•    The enforcement powers of National Enforcement Bodies (NEBs) for individual complaints have not been significantly strengthened and/or harmonized. We receive many complaints in EDF that if your rights were not respected, it is very difficult to take recourse and lodge a complaint. There are designated authorities for each Member State where you should be able to complain but often they are understaffed, lack the resources, and don’t have the necessary competences to take actions against the railway operators. We would like the competences to be stronger and harmonized everywhere in the EU so that all passengers with disabilities can enforce their rights without having to go to court and bear the related costs, stress, and loss of time.

2.    How does the regulation articulate with the draft European Accessibility Act?

There is no overlap with the proposal for the European Accessibility Act (EAA). While both proposals deal with transport, the Rail Passengers’ Rights deal with your rights as passengers, which is mainly assistance, the EAA focuses on accessibility of products and services. For example, the EAA could make it compulsory that all the websites and mobile applications of railway operators become accessible and that the ticketing machines and other self-service terminals in stations become accessible. Therefore, the two proposals complement each other and are both equally important.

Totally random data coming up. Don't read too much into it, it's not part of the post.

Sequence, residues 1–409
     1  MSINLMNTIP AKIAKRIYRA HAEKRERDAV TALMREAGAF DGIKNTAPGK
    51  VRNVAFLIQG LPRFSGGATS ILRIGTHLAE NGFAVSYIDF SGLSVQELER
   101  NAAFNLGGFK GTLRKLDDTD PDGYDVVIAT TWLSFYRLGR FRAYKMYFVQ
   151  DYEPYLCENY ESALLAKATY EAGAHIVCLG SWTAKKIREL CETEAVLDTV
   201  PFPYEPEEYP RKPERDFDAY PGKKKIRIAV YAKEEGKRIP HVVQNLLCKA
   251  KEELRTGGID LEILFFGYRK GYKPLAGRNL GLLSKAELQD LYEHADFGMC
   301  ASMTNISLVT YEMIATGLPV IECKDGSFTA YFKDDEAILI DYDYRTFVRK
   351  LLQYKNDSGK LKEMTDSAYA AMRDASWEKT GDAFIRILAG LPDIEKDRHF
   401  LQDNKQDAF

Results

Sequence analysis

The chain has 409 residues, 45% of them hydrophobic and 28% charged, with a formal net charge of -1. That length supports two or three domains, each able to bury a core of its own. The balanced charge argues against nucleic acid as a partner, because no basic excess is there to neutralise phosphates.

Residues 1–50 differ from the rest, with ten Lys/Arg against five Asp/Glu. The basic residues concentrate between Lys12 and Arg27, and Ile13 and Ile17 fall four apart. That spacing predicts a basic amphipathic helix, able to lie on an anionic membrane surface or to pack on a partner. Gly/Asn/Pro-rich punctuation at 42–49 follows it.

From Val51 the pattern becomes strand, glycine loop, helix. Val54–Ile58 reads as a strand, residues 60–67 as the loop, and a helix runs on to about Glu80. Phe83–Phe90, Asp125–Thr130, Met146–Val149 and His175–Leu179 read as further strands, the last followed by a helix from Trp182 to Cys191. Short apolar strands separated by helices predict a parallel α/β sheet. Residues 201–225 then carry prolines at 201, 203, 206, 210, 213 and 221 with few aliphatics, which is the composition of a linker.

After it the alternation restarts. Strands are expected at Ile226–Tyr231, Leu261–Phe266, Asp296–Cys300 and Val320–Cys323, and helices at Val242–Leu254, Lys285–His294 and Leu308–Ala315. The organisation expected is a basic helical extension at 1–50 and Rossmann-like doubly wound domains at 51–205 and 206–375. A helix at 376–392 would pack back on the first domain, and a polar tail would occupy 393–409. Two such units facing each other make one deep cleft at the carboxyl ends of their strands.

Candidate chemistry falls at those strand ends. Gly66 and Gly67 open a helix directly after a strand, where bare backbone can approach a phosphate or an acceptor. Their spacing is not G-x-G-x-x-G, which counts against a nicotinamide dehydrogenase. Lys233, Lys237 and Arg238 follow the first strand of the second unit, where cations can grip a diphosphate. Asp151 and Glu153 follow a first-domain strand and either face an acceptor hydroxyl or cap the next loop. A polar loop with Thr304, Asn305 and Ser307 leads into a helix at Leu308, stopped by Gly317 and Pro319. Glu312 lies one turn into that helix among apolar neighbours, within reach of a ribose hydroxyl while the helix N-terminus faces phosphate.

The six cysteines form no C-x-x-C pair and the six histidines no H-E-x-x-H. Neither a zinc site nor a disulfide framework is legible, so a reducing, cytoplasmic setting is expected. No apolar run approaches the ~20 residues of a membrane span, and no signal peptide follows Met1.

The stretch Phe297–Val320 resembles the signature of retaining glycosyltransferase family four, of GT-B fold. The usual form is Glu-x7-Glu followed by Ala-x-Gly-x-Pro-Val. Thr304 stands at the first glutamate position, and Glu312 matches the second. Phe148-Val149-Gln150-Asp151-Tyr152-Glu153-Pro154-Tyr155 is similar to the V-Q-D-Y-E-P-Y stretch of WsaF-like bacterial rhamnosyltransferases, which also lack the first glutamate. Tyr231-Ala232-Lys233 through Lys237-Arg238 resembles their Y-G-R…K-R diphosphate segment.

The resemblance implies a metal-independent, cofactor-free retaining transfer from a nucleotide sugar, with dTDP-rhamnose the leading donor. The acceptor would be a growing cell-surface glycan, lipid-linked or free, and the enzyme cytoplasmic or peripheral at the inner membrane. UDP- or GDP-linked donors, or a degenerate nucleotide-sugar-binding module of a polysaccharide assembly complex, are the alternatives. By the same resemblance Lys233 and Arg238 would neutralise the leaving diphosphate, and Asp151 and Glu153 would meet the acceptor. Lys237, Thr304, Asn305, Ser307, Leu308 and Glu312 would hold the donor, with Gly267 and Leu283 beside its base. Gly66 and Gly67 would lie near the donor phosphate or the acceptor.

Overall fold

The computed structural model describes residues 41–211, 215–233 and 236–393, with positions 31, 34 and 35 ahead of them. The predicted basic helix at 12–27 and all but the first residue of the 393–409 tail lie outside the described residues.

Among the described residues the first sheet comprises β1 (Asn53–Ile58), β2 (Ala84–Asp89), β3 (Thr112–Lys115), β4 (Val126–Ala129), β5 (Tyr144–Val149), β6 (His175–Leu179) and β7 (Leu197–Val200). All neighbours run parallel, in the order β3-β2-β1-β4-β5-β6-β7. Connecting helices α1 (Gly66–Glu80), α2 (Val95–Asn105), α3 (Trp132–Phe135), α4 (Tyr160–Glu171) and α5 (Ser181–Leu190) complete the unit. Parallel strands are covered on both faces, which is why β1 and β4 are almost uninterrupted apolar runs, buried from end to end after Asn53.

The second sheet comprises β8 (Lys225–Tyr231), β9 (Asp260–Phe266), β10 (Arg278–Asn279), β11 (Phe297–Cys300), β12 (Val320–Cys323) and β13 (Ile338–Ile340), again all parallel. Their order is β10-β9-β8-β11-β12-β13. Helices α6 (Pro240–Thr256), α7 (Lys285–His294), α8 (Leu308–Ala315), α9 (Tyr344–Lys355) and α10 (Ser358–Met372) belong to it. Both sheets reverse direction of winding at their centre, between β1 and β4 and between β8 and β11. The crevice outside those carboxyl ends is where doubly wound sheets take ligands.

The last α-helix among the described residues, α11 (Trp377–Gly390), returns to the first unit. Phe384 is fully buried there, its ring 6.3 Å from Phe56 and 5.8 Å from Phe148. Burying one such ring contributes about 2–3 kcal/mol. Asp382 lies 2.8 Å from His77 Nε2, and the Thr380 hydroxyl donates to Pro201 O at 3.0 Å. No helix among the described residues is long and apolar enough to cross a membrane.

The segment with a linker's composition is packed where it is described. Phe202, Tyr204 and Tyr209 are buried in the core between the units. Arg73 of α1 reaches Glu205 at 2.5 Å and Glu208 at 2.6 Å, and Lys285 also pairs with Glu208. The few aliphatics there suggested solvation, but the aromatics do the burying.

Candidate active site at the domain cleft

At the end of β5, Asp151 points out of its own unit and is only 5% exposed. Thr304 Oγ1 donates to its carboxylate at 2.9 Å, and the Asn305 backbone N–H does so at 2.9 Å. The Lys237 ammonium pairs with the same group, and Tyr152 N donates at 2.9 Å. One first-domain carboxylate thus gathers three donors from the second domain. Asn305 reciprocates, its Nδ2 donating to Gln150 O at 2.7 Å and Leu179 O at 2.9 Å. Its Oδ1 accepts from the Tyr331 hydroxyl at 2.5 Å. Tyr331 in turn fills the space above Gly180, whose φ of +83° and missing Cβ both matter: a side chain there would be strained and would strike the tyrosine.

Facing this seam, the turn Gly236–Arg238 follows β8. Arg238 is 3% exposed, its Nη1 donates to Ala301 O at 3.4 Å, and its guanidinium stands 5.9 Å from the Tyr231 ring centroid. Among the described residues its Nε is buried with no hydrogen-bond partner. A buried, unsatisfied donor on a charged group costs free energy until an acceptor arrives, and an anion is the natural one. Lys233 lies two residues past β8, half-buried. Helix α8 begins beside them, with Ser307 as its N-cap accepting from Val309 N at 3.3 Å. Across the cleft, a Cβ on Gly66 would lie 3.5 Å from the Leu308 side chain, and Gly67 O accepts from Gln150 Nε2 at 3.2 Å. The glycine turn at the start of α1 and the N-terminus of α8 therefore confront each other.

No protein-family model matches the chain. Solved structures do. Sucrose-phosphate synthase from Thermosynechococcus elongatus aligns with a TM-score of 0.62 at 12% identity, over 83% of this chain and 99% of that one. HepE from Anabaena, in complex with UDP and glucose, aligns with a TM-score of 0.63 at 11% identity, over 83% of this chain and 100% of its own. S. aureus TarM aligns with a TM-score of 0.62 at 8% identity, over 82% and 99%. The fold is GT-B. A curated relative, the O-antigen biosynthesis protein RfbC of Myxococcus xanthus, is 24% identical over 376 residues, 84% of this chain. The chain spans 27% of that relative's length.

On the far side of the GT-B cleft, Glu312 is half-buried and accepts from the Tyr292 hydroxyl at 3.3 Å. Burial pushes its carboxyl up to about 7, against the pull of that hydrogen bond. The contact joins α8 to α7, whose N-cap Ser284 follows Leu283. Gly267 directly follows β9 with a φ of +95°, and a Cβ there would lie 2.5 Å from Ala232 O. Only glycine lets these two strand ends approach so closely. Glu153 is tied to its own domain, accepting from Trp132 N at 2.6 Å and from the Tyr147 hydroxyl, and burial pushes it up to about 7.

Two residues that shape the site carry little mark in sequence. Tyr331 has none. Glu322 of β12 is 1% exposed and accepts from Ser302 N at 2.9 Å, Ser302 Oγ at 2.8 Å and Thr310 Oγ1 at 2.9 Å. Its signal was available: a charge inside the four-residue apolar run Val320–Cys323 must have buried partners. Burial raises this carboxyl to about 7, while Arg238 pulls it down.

3.    Are there other issues on the topic of rail transport not covered by the regulation that you would like to see improved/dealt with

Indeed, there are several outstanding issues. The European Disability Card is one of them, since it currently does not necessarily cover transport. In fact, it is up to each participating Member State (currently those are Belgium, Cyprus, Estonia, Finland, Italy, Malta, Romania, and Slovenia) to decide whether they want to include transport and recognize the discounts given by other Member States – in practice, we are not aware that any of the participating Member States have included it. We would like to first of all have ALL EU Member States participate in the Card scheme and then make the mutual recognition of transport discounts compulsory.